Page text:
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Resources & Information
Current list of NY State Certified Radon Testers
The Correct Way to Do Radon Testing
Current List of NY State Certified Radon Mitigation Contractors
NY Certified Radon Testing Information
Radiation & Radon Information
Radon-Resistant New Construction (RRNC)
EPA Radon PSAs
Radon Mitigation Standards
Radon Map of NY State
ASHI Code of Ethics
Carbon Monoxide Information
Septic System Information
Purifying a Well System
Mold Information and Treatment
Faulty Plastic Heating Vent Pipe
Lead Paint Information
Federal Pacific Electric Panel Problems
GFCI Information
Energy Saving Tips

Government Information
NYSDOH Order form for home radon test kit
Mold - Indoor Air
(EPA) General Radon Information
Asbestos in Your Home
Mold - Indoor Air (EPA)
Lead Paint (NYSDOH)
US Consumer Product Safety Commission
Wadsworth Center • NYS Department of Health
CNY Coalition for Healthy Indoor Air
American Association of Radon Scientists and Technologists

Mold Information and Treatment

A great deal of media attention is being paid these days to concerns about mold. But this is certainly not a new issue, and a homeowner's appropriate response to the appearance of mildew in the home may not be very different today than it was twenty years ago. The best defense is a clear understanding of what mold is and what can be done about it.

  • Molds are fungi. Fungi thrive in microclimates conducive to mold growth. Primary factors contributing to mold colonization include moderate temperatures (35 to 110 degrees Fahrenheit), a cellulose based nutrient (wood products), and moisture (28 percent moisture content for most common construction lumbers). Mold spores are common in nature. When they find the appropriate conditions, they multiply creating colonies of mildew.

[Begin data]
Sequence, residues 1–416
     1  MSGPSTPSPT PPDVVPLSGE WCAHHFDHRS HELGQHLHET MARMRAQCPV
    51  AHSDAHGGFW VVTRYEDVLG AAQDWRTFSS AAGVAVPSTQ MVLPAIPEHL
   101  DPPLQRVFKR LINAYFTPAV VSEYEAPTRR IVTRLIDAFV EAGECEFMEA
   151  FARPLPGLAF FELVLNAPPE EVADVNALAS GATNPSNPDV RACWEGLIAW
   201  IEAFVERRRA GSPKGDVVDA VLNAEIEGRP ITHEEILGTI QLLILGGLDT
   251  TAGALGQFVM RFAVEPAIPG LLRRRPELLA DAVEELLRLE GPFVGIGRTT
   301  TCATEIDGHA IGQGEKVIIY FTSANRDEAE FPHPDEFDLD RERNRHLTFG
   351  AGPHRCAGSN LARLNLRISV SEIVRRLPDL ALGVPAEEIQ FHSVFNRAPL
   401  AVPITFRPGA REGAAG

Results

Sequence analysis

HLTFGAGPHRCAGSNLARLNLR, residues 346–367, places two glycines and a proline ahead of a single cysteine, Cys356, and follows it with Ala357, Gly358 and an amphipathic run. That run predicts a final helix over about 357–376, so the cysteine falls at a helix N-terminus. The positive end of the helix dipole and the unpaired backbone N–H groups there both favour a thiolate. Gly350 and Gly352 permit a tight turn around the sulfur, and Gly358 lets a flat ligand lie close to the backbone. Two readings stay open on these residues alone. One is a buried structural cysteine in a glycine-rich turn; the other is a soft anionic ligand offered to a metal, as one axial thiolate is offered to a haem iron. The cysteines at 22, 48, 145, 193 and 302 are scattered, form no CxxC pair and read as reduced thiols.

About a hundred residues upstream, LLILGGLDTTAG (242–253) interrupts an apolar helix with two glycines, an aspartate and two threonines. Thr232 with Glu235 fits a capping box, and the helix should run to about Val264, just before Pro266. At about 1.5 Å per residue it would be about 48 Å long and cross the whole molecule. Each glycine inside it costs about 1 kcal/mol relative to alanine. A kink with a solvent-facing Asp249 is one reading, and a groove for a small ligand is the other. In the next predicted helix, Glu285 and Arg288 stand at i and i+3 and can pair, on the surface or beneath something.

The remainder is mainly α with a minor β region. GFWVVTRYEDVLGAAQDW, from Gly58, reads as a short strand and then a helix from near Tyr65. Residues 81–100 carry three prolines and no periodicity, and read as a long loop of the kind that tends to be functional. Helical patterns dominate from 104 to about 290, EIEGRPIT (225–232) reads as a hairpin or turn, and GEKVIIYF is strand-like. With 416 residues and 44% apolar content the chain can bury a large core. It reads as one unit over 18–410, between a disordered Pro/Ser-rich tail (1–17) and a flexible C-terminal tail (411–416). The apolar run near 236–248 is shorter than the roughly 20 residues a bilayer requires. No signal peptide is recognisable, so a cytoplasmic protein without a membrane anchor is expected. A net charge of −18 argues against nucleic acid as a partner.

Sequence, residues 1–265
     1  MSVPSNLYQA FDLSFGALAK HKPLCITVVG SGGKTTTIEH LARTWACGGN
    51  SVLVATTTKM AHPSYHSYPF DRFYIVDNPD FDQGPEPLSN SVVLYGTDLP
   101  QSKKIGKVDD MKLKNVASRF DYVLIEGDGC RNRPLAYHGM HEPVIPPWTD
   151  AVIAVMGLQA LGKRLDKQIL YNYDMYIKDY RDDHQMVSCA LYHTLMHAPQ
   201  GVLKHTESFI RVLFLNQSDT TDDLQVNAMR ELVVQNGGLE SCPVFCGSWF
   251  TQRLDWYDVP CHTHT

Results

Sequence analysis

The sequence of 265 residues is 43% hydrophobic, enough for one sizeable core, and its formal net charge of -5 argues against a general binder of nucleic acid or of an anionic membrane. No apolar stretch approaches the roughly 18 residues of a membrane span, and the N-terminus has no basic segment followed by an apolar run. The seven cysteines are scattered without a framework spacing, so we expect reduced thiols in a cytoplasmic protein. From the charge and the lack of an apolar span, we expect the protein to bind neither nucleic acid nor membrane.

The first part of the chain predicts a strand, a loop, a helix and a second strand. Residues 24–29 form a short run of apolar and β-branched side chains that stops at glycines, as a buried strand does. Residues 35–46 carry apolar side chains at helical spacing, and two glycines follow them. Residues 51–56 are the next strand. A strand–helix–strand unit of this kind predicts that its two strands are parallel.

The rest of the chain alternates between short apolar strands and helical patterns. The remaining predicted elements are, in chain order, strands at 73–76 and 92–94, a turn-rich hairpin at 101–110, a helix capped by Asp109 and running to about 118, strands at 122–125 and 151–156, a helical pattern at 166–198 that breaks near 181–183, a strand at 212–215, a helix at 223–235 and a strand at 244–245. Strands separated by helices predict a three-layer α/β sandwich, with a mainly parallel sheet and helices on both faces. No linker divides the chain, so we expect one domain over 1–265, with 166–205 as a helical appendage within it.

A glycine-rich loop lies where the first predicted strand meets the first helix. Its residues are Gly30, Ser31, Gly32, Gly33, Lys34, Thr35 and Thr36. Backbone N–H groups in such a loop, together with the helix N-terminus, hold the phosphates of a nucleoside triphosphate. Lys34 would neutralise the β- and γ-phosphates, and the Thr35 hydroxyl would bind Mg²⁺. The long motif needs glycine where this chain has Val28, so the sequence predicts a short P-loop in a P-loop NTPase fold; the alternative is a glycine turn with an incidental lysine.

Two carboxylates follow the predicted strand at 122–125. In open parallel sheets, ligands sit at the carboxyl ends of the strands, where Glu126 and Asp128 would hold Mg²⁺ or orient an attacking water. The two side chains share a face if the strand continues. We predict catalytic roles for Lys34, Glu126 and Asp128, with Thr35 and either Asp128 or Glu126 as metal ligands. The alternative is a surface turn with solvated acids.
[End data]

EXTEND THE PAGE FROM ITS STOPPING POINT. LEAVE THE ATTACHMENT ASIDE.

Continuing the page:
• The second half of the twentieth century brought some significant changes in the ways that we build homes. We rely increasingly on manufactured construction materials like plywood, OSB, partical board, and drywall that provide ready sources of cellulose. Plaster for instance has no nutrient value. The paper backing on drywall however is an excellent source of mold food. Forced air heat with supply ducts leaking into unheated spaces tends to depressurize modern homes. And energy conservation measures like weatherstripping and insulation reduce the transfer of heat that we have always relied on to dry homes out.

  • Because of increasing concerns about mold in homes, some manufacturers are producing more mold resistant construction materials, but it is certain that we will continue into the foreseeable future to build with materials and methods that promote mold growth. A homeowner's best defense therefore is moisture control.

  • Homes experience wetting from many sources, some incidental and some accidental. Simply living generates significant moisture in the home. Human and pet metabolism, bathing, cooking, and cleaning all release moisture into the air. Humid summer air infiltrating through and around windows, doors, vents, and other openings also contributes routinely to the total moisture load. And ground water easily penetrates foundations. However, we also have malfunctions like roof and plumbing leaks that create amplification sights for mold colonization.

  • Homeowners are advised to run bathroom and kitchen exhaust fans when cooking and bathing. Air conditioners are very efficient dehumidifiers. Chronic issues like basement dampness should be resolved sooner rather than later. Ignoring a roof or plumbing leak is a mistake.

  • Surface molds do little harm to house structures, but they can damage or even destroy delicate cloth or paper materials and there are some health concerns for people with allergies, asthma, or depressed immune systems. Wood rot fungi thrive in similar conditions and do significant harm to wood structures if allowed to propogate.

  • Mold testing has very little diagnostic efficacy. Damp areas should be dried up. If one sees or smells mold he/she does well to clean it up and eliminate the moisture source.

  • Below is a picture of the common mold found in attics in central New York. Improper ventilation or to much moisture from the living area below can cause this condition, or both.

Greg Haley Home Inspection LLC · 308 Fayette Dr. Fayetteville, NY 13066 · 315-559-6666 ·
Greg Haley is a full service home inspector near Syracuse NY, serving all of Onondaga and Madison counties. Services include residential home inspections, 48 hour radon testing, Granite countertop testing for radiation and radon, pest inspections, septic dye testing, well flow and water purity testing.